Australian Consumer News Weekly Wrap Up

Australian Consumer News Stories that have been prominent in the media this week include:

  • According to The Age, billing and contact details of Victorians online have been leaked by a government authority. Even though the privacy breach posed a “medium to high” level threat, affected customers were not informed.
  • The Age reports that severe unsavoury practices of Australia’s multibillion dollar life insurance industry will be investigated further, in particular, the insidious practice of advisers “churning” clients to earn hefty commissions.
  • Startup Smart investigates whether it is legal for businesses to sneak clauses into their customer terms that allow them to keep deposits or ‘fine’ customers for negative reviews. California has created a worldwide precedent which protects the customer’s right to write a negative and honest online review.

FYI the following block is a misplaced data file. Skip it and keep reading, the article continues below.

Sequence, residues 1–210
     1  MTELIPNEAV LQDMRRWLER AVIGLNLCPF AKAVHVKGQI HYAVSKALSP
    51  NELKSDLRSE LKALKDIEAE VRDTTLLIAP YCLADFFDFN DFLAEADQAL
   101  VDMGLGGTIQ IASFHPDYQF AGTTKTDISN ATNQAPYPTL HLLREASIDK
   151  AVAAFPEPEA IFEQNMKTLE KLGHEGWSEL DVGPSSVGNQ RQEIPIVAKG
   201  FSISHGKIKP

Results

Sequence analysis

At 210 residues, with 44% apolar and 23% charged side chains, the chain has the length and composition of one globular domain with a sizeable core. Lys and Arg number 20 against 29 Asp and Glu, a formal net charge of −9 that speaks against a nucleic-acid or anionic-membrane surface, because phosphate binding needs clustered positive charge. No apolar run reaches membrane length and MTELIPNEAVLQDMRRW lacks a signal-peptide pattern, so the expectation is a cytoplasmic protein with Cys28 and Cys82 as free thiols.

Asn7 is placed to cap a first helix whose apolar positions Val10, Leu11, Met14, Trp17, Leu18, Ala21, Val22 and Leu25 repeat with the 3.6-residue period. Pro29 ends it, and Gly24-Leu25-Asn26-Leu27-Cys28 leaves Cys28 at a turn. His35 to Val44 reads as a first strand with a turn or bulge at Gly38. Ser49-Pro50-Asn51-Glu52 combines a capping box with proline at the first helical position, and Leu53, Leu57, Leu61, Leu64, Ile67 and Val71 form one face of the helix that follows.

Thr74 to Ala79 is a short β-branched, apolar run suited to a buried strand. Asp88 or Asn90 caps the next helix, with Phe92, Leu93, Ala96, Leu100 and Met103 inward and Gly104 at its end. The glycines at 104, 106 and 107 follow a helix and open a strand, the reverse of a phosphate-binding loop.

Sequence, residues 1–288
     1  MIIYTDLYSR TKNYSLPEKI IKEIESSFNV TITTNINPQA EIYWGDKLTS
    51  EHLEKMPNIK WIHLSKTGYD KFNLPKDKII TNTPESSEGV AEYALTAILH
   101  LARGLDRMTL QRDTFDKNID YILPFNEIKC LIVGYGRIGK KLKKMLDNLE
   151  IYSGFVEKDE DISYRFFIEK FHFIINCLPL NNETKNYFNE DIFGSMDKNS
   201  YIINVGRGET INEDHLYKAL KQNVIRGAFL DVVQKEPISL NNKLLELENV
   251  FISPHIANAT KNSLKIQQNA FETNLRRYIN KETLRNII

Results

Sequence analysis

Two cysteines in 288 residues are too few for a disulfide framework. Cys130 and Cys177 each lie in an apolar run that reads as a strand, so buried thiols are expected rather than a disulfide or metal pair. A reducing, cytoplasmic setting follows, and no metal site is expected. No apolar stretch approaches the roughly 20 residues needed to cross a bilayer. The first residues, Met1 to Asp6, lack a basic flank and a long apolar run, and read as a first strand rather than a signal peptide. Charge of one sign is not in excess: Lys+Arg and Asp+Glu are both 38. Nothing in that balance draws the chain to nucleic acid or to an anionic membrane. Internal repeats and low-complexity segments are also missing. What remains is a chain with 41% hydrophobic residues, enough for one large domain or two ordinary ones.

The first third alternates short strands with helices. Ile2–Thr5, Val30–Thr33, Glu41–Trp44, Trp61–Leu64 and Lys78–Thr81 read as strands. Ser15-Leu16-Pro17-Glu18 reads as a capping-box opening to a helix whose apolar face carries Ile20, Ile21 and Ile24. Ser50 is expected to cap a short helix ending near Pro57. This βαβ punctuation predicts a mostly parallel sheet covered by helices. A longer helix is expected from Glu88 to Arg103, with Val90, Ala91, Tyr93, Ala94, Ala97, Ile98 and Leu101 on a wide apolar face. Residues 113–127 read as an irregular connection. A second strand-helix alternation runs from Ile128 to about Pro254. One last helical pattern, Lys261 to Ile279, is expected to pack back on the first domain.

• A former consumer watchdog chairman says that the introduction of an “effects test” into competition law is likely to take a back seat to wider economic reforms in the federal government’s competition inquiry. The Sydney Morning Herald provides the full story.
  • Consumer trust needs to be lifted after public confidence in financial planning has dramatically declined. This has been exacerbated by scandals at the Commonwealth Bank and Macquarie Private Wealth says the Sydney Morning Herald